Molecules for the future
The technology and economics of zero-carbon fuels are still evolving. Biofuels, carbon capture, renewable natural gas, and hydrogen all present opportunities. But with 2050 approaching, utilities are beginning to set plans. For example, SoCalGas has laid out a vision to incorporate a combination of biogas and hydrogen to decarbonize their operations, targeting 20 percent renewable natural gas by 2030. Across the pond, Gas Networks Ireland’s Vision 2050 describes a combination of renewable natural gas, hydrogen, and carbon-capture technology to achieve a net zero gas network by 2050. National Grid also cites hydrogen and biogases as fuels of the future. Both fuels are beginning to enter the market.
Renewable Natural Gas
Biogas, or renewable natural gas, makes use of methane from landfills, agriculture, and other sources that would have gone to waste. A Lawrence Livermore National Lab (LLNL) study recommends that to reach its net zero target by 2045, California will need to invest in negative emissions technologies, including converting landfill waste and other biomass to fuels. Bechtel is proud to support LLNL’s mission. In an effort to bring cleaner fuels to global communities, Bechtel partnered with Engineers without Borders to build a biogas-powered plant in India. There will continue to be opportunities around the world to leverage these resources – blending into existing gas pipelines, self-powering wastewater treatment plants, and supporting energy-independent campuses and communities.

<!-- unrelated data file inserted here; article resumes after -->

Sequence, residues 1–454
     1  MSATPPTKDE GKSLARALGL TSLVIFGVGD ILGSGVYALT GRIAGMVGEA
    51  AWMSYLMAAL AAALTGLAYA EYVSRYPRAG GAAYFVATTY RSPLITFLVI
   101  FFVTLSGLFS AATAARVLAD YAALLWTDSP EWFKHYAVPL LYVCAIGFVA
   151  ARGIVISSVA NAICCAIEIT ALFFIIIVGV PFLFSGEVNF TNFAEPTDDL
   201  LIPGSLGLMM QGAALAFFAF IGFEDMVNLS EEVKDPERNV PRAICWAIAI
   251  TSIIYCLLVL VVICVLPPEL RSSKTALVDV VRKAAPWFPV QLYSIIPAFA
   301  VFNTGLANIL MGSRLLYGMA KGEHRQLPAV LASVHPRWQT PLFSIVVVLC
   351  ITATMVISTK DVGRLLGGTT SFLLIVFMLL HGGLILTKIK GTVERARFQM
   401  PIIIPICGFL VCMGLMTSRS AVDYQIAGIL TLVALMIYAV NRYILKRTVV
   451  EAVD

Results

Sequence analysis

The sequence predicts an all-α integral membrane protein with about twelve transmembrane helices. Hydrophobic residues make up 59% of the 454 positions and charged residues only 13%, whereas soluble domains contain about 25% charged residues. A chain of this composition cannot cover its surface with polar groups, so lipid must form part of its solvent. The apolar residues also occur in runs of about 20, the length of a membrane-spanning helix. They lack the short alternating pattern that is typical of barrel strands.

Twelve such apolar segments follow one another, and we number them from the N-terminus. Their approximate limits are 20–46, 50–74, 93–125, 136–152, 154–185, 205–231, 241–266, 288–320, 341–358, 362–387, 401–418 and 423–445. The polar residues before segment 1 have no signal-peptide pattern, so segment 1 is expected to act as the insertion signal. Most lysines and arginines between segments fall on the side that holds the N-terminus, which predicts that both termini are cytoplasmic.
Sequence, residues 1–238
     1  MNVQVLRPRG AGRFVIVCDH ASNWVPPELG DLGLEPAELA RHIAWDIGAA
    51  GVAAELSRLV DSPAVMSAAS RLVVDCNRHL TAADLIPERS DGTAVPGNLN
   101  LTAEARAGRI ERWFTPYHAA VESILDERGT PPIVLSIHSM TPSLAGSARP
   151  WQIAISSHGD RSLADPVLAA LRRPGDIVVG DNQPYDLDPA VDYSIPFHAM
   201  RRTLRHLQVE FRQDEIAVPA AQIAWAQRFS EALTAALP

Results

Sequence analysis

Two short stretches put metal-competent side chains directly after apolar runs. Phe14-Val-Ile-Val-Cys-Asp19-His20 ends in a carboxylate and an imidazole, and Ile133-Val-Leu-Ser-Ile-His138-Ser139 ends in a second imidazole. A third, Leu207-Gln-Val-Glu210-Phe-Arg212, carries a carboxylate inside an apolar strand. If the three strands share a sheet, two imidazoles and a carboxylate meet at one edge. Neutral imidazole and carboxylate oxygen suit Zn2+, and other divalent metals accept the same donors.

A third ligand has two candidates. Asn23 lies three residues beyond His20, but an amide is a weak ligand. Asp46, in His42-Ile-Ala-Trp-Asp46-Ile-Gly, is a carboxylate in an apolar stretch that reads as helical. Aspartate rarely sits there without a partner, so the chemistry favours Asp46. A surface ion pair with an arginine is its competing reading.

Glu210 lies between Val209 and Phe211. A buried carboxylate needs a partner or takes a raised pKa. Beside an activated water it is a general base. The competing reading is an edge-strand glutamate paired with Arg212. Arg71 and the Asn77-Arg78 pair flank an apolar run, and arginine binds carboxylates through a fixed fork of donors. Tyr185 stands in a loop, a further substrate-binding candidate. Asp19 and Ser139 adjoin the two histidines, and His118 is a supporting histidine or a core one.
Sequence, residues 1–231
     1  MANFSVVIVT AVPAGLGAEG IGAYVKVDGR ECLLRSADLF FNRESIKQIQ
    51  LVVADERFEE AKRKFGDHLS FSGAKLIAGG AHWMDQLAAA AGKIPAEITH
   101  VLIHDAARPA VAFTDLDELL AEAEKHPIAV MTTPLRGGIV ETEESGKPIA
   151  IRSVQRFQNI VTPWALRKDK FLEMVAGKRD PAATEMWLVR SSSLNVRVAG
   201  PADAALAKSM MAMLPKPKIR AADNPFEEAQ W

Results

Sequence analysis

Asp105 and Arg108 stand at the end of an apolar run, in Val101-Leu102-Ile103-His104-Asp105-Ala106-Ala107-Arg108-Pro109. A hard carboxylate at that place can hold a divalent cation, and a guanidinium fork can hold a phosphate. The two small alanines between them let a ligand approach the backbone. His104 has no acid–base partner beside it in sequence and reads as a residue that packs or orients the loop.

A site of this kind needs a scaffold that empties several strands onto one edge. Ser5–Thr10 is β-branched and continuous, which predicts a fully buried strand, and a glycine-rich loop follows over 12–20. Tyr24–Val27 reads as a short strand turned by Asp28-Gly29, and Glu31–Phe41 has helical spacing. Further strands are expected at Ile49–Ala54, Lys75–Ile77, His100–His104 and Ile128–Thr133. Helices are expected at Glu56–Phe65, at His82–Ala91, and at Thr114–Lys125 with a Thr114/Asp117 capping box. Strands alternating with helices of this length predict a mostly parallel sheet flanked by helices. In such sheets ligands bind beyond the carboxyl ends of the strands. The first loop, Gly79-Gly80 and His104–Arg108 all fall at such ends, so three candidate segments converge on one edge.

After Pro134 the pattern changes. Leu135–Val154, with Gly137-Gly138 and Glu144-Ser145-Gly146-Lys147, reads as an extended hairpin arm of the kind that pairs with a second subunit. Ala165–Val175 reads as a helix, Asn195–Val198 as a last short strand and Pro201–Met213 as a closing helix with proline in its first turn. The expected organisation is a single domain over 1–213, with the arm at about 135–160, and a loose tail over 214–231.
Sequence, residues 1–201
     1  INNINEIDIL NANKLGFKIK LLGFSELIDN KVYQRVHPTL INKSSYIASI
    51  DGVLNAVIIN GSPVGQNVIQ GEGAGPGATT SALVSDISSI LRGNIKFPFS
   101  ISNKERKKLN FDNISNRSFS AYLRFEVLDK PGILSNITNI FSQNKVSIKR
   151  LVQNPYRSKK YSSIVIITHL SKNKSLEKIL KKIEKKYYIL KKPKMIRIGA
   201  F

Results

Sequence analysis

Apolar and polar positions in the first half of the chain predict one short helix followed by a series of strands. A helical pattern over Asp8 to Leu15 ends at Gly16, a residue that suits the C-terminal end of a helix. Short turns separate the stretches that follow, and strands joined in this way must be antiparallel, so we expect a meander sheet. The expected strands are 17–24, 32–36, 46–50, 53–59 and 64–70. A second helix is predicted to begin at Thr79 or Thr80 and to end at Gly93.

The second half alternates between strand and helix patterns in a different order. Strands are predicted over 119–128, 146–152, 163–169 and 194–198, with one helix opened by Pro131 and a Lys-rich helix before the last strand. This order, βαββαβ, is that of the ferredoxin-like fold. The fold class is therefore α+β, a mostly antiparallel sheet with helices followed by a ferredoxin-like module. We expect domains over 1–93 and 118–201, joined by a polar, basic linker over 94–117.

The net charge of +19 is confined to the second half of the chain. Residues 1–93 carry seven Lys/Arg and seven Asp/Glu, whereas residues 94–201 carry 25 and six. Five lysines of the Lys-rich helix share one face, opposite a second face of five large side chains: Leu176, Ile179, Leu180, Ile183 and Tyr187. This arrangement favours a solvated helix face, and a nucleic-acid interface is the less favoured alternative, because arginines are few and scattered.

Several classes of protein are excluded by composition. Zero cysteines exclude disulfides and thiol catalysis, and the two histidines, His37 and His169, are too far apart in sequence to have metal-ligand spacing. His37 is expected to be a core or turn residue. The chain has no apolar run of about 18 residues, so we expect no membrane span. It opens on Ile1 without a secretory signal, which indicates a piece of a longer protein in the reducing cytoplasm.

The Potential of Hydrogen
With careful planning, hydrogen can be blended into natural gas systems for combustion to produce heat or even electricity. It is a highly flexible, clean fuel that will require supportive policies and infrastructure to achieve economies of scale.
Hydrogen can be stored in tanks, transferred via pipelines, used in combustion to generate industrial-scale heat or used in fuel cells to power light and heavyweight vehicles. Toyota has commercialized hydrogen-powered vehicles, and hydrogen will even be used to power the Olympic flame in Tokyo.
Hydrogen is also exportable. Siemens is developing a gigawatt-sized hydrogen generation project that uses wind and solar energy to produce and export hydrogen to Asian markets. Bechtel has supported many clients across the liquified natural gas (LNG) value chain, honing skills which translate readily to other fuels, like hydrogen. We are excited to see our customer, Woodside Energy, leverage its LNG expertise; Woodside is studying the potential for green hydrogen to be converted to liquid ammonia and exported to Japan to decarbonize coal-fired power plants. Expect to see more hydrogen projects in the future.
New fuel technologies are improving as global commitments to net zero targets increase. The next step will be for utilities, companies, and communities to adopt the fuels needed to meet their net zero commitments. These transitions will require engineering and mobilization support on a grand scale. In a world where policy, business, and individual actions support science-based targets for decarbonization, new alternatives will leave a lasting impact on our planet. As a part of this ecosystem, Bechtel is prepared to help our clients navigate their way to net zero.
If you have any questions regarding how we’re preparing our clients, feel free contact to one of our subject matter experts below.
OG&C – Mat Ovenden
Sustainability – Tam Nguyen
Bechtel Enterprise – Julie Keenahan